Strict liability makes a person responsible for the damage and loss caused by
his/her acts and omissions regardless of culpability (or fault in criminal lawterms,
which would normally be expressed through a
requirement; see Strict
liability (criminal)). Strict liability is important in torts (especiallyproduct
liability), corporations law, and criminal law. For analysis of the pros and cons of
strict liability as applied to product liability, the most important strict liability
regime, see product liability.
In tort law, strict liability is the imposition of liability on a party without a finding of
fault (such as negligence or tortious intent). The plaintiff needs to prove only that
the tort happened and that the defendant was responsible. Strict liability is imposed
for legal infractions that are malum prohibitum rather thanmalum in se, therefore,
neither good faith nor the fact that the defendant took all possible precautions are
valid defenses. Strict liability often applies to those engaged in hazardous or
inherently dangerous ventures.
Strict liability is distinct from absolute liability. In absolute liability, only a guilty act,
or actus reus is required. With strict liability, a guilty act is only required also no
Mens Rea in needed to be proved. In strict liability situations, although the plaintiff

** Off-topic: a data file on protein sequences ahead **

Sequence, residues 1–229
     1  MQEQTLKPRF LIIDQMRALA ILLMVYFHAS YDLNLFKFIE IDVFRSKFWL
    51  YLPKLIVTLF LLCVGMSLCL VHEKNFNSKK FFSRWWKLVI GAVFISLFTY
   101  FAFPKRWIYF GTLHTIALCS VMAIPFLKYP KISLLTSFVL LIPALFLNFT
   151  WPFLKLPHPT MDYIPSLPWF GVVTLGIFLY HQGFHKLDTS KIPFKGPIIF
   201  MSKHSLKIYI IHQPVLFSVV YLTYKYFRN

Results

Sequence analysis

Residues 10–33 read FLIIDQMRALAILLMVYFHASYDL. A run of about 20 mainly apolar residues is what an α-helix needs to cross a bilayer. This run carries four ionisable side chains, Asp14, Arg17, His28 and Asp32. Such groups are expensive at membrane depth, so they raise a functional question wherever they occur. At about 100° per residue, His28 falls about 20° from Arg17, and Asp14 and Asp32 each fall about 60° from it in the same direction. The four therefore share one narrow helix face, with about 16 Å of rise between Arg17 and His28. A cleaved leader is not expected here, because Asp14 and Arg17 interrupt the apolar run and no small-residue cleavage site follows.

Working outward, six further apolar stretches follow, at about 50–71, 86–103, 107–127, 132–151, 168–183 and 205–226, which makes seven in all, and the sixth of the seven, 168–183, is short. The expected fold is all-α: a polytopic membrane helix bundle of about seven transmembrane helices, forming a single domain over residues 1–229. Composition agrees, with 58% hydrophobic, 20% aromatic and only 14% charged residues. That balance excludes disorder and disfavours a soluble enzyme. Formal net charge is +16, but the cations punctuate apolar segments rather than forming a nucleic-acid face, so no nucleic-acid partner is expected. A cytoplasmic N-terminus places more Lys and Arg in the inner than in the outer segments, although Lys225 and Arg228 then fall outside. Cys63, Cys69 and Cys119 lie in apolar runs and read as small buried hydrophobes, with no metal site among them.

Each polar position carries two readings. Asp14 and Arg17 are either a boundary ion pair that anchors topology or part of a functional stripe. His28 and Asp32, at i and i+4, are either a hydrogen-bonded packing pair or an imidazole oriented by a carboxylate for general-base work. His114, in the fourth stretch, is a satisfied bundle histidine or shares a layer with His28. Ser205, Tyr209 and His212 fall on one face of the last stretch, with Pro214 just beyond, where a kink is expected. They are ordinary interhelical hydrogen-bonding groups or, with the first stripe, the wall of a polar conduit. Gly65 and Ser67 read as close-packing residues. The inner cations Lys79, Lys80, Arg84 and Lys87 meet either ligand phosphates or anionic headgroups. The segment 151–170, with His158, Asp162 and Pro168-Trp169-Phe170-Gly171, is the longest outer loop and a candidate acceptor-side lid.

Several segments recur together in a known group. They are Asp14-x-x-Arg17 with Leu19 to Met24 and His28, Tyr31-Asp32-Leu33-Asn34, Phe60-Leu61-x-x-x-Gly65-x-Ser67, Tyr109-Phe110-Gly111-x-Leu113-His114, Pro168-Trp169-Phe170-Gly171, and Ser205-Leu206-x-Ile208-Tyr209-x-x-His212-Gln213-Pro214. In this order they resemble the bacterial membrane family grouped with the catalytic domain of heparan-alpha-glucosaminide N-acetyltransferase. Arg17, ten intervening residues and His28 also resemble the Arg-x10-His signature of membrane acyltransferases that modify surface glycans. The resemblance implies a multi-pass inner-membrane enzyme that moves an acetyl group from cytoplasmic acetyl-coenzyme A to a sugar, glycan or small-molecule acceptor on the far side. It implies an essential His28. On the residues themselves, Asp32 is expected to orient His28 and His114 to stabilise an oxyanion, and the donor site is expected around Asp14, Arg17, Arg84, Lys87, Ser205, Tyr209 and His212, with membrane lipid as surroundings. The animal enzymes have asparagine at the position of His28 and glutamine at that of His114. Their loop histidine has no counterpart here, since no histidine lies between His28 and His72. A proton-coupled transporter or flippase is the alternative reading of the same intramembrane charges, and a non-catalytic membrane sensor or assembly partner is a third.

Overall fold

does not have to prove fault, the defendant can raise a defense of absence of fault.
A classic example of strict liability is the owner of a tiger rehabilitation center. No
matter how strong the tiger cages are, if an animal escapes and causes damage
and injury, the owner is held liable. Another example is a contractor hiring
a demolition subcontractor that lacks proper insurance. If the subcontractor makes
a mistake, the contractor is strictly liable for any damage that occurs.
The law imputes strict liability to situations it considers to be inherently dangerous.
It discourages reckless behavior and needless loss by forcing potential defendants
to take every possible precaution. It also has the effect of simplifying litigation and
allowing the victim to become whole more quickly.
The doctrine's most famous advocates were Learned Hand, Benjamin Cardozo,
and Roger J. Traynor.
In English and Welsh law, where tortious liability is strict, the defendant will often
only be liable for the reasonably foreseeable consequences of his or her act or
omission (as in nuisance).
The concept of strict liability is also found in criminal law, though to a lesser extent.
Strict liability often applies to vehicular traffic offenses. In a speeding case, for
example, whether the defendant knew he or she was exceeding the posted speed
limit is irrelevant. The prosecutor would need only prove that the defendant was
indeed operating the vehicle in excess of the speed limit.
Strict liability laws can also prevent defendants from raising diminished mental capa